Thousands of people flocked to the area to see the caves last weekend, with lines of cars stretching more than 2 miles along narrow rural roads in Leelanau County, northwest of Traverse City.

A 21-year-old man was seriously injured Wednesday after falling 12 feet from one of the caves.

Montserrat: a modern-day Pompeii in the Caribbean



Soufriere Hills Volcano 

Glimpses of the Caribbean’s modern-day Pompeii


Known among locals simply as “the volcano,” Soufrière Hills on the Caribbean island of Montserrat roared to life in 1995 after decades of inactivity, causing many residents of the island’s capital city, Plymouth, to flee. Today, Plymouth and its environs stand abandoned and frozen in time, looking like the set of an apocalyptic sci-fi movie.


For first-time visitors to the Caribbean island of Montserrat, some of the local vocabulary evokes Geology 101. Words like “pyroclastic flow,” “seismic” and “dome collapse” pop up often in conversations with native islanders and longtime residents.

After all, these people experienced firsthand what now draws many tourists to the British overseas territory: the catastrophic damage from the Soufrière Hills volcano, which erupted twice in the mid-1990s and changed life forever on the drumstick-shaped island in the West Indies.

Known among locals simply as “the volcano,” Soufrière Hills roared to life in 1995 after decades of inactivity, causing many residents of Montserrat’s capital city, Plymouth, to flee. But the real destruction came in 1997, when it erupted again, killing 19 people, burying Plymouth under as much as 40 feet of volcanic debris and mud and forcing government officials to proclaim the city and the southern two-thirds of the 40-square-mile island uninhabitable.

More than two-thirds of Montserrat’s 12,000 residents left, and those who stayed found themselves facing yet another disaster in 2003, when the volcano’s dome collapsed, unleashing clouds of ash across the landscape that required a massive cleanup.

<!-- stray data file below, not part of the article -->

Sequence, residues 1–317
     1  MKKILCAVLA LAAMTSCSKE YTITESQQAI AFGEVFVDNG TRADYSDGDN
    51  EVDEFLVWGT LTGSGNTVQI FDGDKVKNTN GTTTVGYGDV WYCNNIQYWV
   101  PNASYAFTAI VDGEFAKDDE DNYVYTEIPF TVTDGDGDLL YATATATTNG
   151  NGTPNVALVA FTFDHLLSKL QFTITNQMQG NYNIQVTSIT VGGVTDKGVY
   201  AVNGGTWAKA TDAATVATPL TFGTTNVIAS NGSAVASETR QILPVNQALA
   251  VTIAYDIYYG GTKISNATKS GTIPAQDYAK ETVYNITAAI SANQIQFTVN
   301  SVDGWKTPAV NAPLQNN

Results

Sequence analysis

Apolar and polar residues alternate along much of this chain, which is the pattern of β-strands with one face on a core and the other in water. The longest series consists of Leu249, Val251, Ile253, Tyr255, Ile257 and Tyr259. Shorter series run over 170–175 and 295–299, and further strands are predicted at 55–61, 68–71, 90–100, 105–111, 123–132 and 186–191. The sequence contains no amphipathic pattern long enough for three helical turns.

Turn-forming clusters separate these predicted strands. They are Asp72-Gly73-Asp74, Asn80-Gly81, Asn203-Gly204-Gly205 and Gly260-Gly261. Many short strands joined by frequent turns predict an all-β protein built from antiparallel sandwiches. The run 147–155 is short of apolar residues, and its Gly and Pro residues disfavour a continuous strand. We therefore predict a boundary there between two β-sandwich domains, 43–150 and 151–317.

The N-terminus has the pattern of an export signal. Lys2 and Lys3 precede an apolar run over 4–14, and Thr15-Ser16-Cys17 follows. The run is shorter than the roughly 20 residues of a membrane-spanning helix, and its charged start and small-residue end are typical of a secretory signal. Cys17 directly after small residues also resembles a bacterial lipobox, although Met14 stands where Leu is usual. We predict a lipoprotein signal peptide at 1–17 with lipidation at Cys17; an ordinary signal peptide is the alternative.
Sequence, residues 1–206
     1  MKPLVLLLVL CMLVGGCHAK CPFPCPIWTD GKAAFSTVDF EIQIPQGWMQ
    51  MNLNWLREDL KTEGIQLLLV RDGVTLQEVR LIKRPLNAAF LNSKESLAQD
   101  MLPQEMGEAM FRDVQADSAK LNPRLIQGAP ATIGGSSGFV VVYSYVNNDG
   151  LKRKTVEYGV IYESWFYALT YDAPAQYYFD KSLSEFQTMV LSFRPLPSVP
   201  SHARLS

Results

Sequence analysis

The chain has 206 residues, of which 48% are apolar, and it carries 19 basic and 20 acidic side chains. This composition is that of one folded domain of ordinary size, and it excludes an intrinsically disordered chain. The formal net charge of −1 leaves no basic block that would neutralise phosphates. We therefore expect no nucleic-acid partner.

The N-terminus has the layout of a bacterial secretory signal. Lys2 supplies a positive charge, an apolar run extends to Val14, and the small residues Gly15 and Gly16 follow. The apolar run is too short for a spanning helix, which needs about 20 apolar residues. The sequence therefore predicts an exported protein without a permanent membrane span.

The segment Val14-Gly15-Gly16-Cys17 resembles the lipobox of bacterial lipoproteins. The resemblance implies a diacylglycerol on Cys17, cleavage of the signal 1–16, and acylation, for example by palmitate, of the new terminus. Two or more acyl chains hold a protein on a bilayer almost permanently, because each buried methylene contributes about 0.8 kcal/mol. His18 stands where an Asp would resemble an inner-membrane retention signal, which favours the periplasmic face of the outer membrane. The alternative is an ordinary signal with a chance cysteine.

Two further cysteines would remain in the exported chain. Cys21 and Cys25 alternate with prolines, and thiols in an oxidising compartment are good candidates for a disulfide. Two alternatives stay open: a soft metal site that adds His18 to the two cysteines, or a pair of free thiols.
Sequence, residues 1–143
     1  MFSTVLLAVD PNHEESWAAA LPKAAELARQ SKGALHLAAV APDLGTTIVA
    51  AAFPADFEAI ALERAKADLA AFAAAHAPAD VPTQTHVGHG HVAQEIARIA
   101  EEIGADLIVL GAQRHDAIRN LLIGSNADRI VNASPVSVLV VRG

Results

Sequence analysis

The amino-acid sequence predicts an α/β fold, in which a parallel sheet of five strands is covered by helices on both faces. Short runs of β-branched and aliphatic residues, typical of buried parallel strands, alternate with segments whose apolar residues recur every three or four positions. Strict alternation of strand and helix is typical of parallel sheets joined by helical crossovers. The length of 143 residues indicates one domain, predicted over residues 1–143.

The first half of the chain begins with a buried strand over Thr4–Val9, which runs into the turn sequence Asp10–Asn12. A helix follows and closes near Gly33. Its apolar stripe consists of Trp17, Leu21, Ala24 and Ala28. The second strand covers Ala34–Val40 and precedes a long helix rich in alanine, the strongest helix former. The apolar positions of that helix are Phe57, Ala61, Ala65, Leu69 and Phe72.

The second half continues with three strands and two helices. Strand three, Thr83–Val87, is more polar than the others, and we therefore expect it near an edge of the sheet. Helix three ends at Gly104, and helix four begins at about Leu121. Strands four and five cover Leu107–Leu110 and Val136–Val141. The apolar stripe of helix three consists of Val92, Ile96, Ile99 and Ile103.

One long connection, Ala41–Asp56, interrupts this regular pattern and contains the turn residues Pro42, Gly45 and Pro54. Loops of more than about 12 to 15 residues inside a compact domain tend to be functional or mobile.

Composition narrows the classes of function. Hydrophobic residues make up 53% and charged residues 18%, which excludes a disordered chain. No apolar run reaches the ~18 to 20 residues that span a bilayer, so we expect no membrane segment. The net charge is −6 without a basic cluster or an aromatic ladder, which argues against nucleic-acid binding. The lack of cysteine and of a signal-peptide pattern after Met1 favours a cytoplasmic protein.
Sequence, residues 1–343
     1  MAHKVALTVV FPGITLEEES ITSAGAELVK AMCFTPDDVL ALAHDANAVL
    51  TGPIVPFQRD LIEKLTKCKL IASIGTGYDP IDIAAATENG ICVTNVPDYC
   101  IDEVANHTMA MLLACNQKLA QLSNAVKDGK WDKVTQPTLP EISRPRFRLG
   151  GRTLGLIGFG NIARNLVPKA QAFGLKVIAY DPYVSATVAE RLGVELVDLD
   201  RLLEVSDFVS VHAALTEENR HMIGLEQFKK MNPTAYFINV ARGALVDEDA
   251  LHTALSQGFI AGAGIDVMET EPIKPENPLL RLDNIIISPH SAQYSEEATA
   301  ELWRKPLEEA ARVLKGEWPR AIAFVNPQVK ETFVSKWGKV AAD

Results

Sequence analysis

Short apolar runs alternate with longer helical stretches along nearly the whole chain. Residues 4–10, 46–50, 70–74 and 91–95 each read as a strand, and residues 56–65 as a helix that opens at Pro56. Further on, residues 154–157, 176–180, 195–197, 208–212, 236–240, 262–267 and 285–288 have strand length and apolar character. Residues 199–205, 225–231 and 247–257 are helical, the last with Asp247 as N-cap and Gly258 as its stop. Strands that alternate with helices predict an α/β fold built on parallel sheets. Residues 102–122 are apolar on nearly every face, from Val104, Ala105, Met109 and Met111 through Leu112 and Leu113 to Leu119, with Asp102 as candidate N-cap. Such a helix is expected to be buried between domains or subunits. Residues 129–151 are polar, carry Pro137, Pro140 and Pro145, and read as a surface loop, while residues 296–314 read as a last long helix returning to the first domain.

Today, Plymouth and its environs stand abandoned and frozen in time, looking like the set of an apocalyptic sci-fi movie. Behind the locked gates prohibiting entry into the “Exclusion Zone,” a deep drift of mud, lava and ash almost buries the clock tower of the former courthouse and rises to the upper stories of other buildings, prompting descriptions of a modern-day Pompeii.

“That’s still our catch phrase,” said Rosetta West, development officer for the Montserrat Tourist Board. “It’s really awe inspiring, I must say, even as someone from here. … You can’t really understand the contrast. One side of the island is lush and green, and the other is gray and dismal from the ash – although lately I’m seeing signs of grass growing and trees coming back.”

The island’s tourism infrastructure is showing similar signs of resurgence. In 1994 and 1995 the number of visitors, including overnight tourists and day trippers from Antigua, averaged 33,000 a year. Now it’s 7,000, according to government figures. The island hasn’t even had an official director of tourism for the last couple of years.

But West says the position will soon be filled, highlighting the government’s renewed focus on bringing visitors to the island. In 2005 Montserrat opened an $18.5 million airport to replace the one that was destroyed. And since then, several other major development initiatives have gained momentum.